RigER featured in Calgary Herald as Startup of the Week. Michael Maltsev told about our product idea, first steps and RigER current focus.
May 15, 2014
If you’re in the oil and gas services business, you know growing your rental business requires better inventory management and operations control. Additionally the complexity of field service jobs, delays in paperwork preparation, inaccurate invoicing, and lack of performance analysis are all problems that aren’t new to you.
This week we talked to Michael Maltsev, founder of RigER, an oilfield rental operations management software designed for small and medium size energy services companies. RigER enables you to control your entire oil patch operations online, from client service requests and service schedules to invoicing. No more cumbersome spreadsheets and paper-based document flow.
Michael says that average wait times in manual paper-based document systems and with MS Excel can be 10-12 days. This delay does not allow you to recognize revenue on time. Say, a company’s revenue is $5 million and the average interest rate is 5%. A delay of 10 days in revenue recognition will result in a loss of interest of $6,849.31 annually. These internal losses are mainly because of inefficiencies in existing systems.
Here’s more from our interview.
How did you come up with the idea for your startup? Was there an “ah-ha” moment?
I served as a CFO in an oilfield rentals company for 3 years, so I have an inside view of the oil and gas services business. I found traditional systems to be very expensive and complicated, and classic Excel spreadsheets ineffective for multi-user and dynamic reporting. One day I was struggling for over 4 hours reconciling one of our major accounts with over 1000 jobs in Excel. That’s when I thought there should be a better way of doing things. Small businesses need effective and easy to use solutions. Two months later we built the first prototype. And it took another 6 months to have RigER Version 1.0 up and running.
What has been the biggest challenge so far? What have you done to solve it?
As for any startup, customer acquisition is the main challenge, and we’re no exception. It took us some time to come up with the right messaging and marketing plan. The best way to do that is to talk to your customers and understand how they operate. For example, we have several features on our roadmap, but our customers will define our priorities. We are a customer-oriented, not a product-oriented team.
Are there any key individuals outside of your organization that have been of great help to your startup?
Of course, I would like to thank my advisors and mentors: Mark Williams, Joyce Ng, Elena Bowes, Tim Haley, Scott Smith, and my wife. They’ve believed in us from our very first step and continue to support us.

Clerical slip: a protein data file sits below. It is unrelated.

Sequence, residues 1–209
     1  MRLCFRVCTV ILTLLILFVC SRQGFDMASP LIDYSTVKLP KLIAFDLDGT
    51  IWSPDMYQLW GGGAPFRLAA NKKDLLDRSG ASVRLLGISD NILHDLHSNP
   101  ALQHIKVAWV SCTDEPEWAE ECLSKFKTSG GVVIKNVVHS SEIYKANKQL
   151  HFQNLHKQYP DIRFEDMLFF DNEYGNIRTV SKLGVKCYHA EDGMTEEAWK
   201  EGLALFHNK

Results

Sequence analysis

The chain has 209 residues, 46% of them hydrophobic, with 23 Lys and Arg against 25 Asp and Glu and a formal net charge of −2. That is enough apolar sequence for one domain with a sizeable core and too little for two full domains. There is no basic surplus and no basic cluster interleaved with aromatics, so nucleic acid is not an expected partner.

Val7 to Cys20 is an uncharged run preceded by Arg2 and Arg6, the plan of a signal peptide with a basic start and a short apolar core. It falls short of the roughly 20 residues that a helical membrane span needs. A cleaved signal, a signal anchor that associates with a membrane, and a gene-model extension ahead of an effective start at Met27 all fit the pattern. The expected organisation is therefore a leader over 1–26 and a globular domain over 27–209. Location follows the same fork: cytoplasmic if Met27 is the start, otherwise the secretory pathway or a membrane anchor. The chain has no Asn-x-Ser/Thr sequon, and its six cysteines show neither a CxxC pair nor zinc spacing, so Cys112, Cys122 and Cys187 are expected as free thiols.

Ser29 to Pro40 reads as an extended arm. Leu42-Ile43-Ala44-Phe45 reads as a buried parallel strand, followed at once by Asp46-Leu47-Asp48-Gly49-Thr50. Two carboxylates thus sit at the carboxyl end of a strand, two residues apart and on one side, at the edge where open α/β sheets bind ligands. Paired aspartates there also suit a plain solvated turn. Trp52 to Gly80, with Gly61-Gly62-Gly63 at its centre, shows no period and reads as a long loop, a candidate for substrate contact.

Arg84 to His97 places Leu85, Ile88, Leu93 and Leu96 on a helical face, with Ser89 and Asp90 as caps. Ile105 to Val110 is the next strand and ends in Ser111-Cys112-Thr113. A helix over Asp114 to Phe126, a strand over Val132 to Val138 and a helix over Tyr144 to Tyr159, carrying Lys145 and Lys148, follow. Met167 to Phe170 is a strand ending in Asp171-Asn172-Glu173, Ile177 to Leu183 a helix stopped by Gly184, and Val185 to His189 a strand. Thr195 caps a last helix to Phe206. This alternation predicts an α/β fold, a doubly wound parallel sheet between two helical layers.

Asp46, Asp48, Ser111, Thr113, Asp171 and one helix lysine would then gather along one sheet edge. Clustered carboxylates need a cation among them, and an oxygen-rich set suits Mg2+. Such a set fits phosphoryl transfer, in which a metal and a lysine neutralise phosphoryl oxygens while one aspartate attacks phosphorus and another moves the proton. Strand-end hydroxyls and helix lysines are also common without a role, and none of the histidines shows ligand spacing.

What advice would you like to share to others just starting out?
Focus on your customers as their contribution will be invaluable to product design and development, service improvement, and business growth. We are certainly grateful to our customers.
Make sure everyone on your team buys into the vision and is passionate about the company. Mutual understanding is the main characteristic of our team. I recommend reaching out to your network to connect with as many people as possible so you can find the best talent for your team.
I also recommend attending events and programs run by Startup Calgary, Innovate Calgary, Canadian Youth Business Foundation and Alberta Venture.
What made you choose to go down the path of entrepreneurship?
I loved my job and worked for a great company, but I wanted to test my idea and challenge myself. I wanted to build a great company and had to make the decision. I participated in several startups as financial director and accountant an I’ve run a business before, but this startup is the hardest experience I’ve ever had.
What are your thoughts on our Startup ecosystem?
The startup ecosystem is developing here with plenty of events and programs to support entrepreneurs. We have a great entrepreneurial spirit, solid economic growth, and excellent business opportunities. We can certainly do with more computer engineers. Alberta’s image as Oil and Gas province distracts investors from the IT industry. However, I see that situation changing as the IT sector is growing very fast.
What do you and your startup need help with?
Customer acquisition is our number one priority, so if you know anyone in the energy services industry, please ask them to visit riger.ca.